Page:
The ATRI analysis used carrier crash records, mapped to the Federal Motor Carrier Safety Administration’s Motor Carrier Management Information System database, to identify a small and noncontroversial subset of nonpreventable crashes.
Those crashes removed from the carriers’ scores in the analysis included animal collisions, other vehicles hitting legally parked trucks, other vehicles running a stoplight or sign and hitting trucks, crashes in which the operators of the other vehicles were driving under the influence and so-called “truck-assisted suicides.”
The ATRI analysis then removed those crashes and recalculated the Crash Indicator Behavioral Analysis and Safety Improvement Category, or BASIC, measure.
FMCSA defines the Crash Indicator BASIC as histories or patterns of high crash involvement, such as frequency and severity.
FMCSA’s Safety Measurement System does not factor in crash accountability, and so far, the agency has been unable to find a way to factor nonpreventable crashes into the percentile score.
Among the carriers in ATRI's analysis, the Crash Indicator BASIC decreased, or improved, by nearly 15% once the nonpreventable crash subset was removed, the study said.
ATRI said the recalculated BASICs scores showed that by not removing the nonpreventable crashes, the agency’s formula “may mislead conclusions about a carrier’s actual safety performance.”
“For example, if a legally parked commercial motor vehicle is struck by another vehicle and qualifies as a DOT-reportable crash, this negatively impacts a carrier’s Crash BASIC measure,” said the study, which was released Nov. 10.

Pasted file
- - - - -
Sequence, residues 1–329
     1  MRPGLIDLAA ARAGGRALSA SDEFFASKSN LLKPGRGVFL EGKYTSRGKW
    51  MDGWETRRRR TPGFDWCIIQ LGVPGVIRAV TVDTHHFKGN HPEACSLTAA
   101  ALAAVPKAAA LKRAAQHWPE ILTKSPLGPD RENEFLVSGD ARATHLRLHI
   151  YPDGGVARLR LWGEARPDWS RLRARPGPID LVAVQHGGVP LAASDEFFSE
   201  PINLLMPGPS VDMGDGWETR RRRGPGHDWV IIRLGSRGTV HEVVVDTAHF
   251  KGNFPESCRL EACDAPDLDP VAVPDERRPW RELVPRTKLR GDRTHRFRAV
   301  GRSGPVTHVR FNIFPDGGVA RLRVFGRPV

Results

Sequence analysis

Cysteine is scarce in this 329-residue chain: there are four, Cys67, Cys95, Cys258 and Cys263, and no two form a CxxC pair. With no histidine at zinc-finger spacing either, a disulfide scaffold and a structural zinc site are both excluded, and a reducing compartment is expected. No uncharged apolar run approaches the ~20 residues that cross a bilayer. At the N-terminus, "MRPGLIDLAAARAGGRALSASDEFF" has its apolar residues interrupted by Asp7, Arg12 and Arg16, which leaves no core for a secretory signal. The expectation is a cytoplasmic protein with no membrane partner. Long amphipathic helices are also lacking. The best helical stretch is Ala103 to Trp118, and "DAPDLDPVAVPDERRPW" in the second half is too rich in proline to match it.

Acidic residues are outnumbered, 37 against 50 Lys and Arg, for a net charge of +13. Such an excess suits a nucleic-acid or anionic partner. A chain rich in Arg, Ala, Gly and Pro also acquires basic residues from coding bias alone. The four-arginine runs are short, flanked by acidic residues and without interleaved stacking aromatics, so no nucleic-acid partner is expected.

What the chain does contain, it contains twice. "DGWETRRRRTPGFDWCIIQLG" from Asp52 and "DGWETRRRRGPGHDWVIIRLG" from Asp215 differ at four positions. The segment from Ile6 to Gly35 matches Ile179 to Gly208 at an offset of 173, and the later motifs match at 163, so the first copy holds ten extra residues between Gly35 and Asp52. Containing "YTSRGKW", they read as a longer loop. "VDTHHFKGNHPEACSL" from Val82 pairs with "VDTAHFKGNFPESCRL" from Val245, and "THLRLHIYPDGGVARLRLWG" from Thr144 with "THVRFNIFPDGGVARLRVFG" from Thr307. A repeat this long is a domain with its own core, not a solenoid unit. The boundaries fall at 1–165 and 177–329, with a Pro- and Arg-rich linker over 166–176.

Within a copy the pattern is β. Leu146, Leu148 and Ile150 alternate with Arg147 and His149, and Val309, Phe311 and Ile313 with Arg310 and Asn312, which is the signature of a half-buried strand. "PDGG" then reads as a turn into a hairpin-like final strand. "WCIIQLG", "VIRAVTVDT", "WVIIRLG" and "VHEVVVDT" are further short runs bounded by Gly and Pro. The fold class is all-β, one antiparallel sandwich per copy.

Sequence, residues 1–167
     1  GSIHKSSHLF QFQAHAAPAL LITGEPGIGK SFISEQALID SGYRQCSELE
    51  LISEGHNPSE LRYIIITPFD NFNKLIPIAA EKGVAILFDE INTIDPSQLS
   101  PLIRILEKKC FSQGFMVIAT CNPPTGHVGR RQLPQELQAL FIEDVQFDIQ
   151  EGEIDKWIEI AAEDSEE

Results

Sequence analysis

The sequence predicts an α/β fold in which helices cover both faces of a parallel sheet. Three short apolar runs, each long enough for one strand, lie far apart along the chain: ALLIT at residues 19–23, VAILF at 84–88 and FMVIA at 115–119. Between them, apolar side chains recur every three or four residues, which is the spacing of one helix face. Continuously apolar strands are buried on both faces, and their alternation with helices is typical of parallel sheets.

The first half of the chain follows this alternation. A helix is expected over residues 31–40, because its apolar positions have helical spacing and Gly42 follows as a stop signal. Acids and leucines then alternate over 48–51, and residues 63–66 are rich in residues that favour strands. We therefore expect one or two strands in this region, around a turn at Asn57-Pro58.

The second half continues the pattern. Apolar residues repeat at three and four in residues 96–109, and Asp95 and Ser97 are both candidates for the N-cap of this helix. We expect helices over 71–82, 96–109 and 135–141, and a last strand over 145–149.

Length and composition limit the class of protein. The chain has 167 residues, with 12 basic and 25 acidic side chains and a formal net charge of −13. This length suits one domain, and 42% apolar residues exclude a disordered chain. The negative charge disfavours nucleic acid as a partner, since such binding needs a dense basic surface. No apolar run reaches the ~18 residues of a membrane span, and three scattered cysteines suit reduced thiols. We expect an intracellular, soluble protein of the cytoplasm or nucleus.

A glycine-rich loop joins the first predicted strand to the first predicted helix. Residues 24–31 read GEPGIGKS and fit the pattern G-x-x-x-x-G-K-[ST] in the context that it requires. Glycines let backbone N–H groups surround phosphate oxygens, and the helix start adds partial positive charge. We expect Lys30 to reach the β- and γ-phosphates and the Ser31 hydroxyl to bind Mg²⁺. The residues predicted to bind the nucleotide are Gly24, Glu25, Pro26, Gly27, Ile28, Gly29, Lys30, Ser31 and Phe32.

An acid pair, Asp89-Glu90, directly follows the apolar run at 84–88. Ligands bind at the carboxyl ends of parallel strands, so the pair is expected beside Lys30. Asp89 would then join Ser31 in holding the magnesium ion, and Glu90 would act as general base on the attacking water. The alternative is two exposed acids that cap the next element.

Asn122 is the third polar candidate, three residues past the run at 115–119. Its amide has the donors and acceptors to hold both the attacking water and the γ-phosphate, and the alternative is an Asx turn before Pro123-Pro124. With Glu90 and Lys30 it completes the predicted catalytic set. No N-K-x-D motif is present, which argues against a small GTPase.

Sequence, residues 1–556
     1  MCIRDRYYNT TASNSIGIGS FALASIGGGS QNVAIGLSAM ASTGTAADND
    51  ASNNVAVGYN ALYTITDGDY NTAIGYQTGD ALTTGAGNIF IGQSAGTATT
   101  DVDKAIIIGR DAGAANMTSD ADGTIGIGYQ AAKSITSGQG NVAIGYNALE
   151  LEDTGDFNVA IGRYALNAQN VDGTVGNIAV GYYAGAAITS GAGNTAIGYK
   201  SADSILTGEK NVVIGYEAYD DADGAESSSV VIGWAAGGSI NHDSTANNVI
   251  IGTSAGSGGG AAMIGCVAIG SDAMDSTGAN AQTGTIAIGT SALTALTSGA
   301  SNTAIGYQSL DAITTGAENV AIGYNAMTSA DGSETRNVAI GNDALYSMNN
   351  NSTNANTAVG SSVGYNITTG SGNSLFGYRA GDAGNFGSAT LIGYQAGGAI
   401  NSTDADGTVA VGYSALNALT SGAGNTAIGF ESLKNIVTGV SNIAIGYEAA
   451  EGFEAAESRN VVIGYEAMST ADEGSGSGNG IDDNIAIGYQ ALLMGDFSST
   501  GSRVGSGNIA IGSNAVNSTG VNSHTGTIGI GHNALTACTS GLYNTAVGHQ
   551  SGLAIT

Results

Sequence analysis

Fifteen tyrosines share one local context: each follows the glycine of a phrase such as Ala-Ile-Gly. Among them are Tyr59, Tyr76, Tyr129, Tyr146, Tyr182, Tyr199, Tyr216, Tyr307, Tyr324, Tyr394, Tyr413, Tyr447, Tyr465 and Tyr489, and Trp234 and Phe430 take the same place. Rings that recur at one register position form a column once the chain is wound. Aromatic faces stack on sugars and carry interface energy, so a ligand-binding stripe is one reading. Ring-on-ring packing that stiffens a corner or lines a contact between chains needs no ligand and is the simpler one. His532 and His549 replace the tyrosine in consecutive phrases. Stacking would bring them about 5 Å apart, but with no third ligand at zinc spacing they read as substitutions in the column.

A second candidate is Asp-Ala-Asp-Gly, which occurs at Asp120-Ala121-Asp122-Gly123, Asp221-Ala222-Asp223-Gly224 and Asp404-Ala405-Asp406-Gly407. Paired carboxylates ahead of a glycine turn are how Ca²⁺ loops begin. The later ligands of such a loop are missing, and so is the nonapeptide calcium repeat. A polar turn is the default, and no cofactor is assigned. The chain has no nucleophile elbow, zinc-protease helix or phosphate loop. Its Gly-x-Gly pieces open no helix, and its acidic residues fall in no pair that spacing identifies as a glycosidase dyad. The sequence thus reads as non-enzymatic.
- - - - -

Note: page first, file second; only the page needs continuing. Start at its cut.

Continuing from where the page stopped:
Such crashes can leave the impression that a carrier is less safe, ATRI said.
"The trucking industry has identified a number of flaws in FMCSA's calculation of carrier safety performance through the CSA BASICs and perhaps none is more egregious than the inclusion of nonpreventable crashes in the Crash Indicator BASIC,” Scott Mugno, a member of ATRI's research advisory committee and vice present of safety and maintenance for FedEx Ground, said in a statement. “ATRI's latest analysis, using a very conservative definition of nonpreventable crashes, demonstrates just how skewed FMCSA's BASIC calculations can be."
ATRI estimated that the nonpreventable crashes being included in the 15 carriers’ safety measurement scores cost the carriers a total of $68 million.
Including nonpreventable crashes in a carrier’s safety profile also can create higher insurance costs, legal consequences and lost productivity from more frequent inspections, ATRI said.
A total of 17 carriers, more than 60% truckload carriers, responded to ATRI Crash BASIC date request. Only 15 had sufficient information in their crash records to assign clear preventability and primary crash cause determinations. Eighty-six percent of the carriers in the study had fleets of more than 1,000 power units.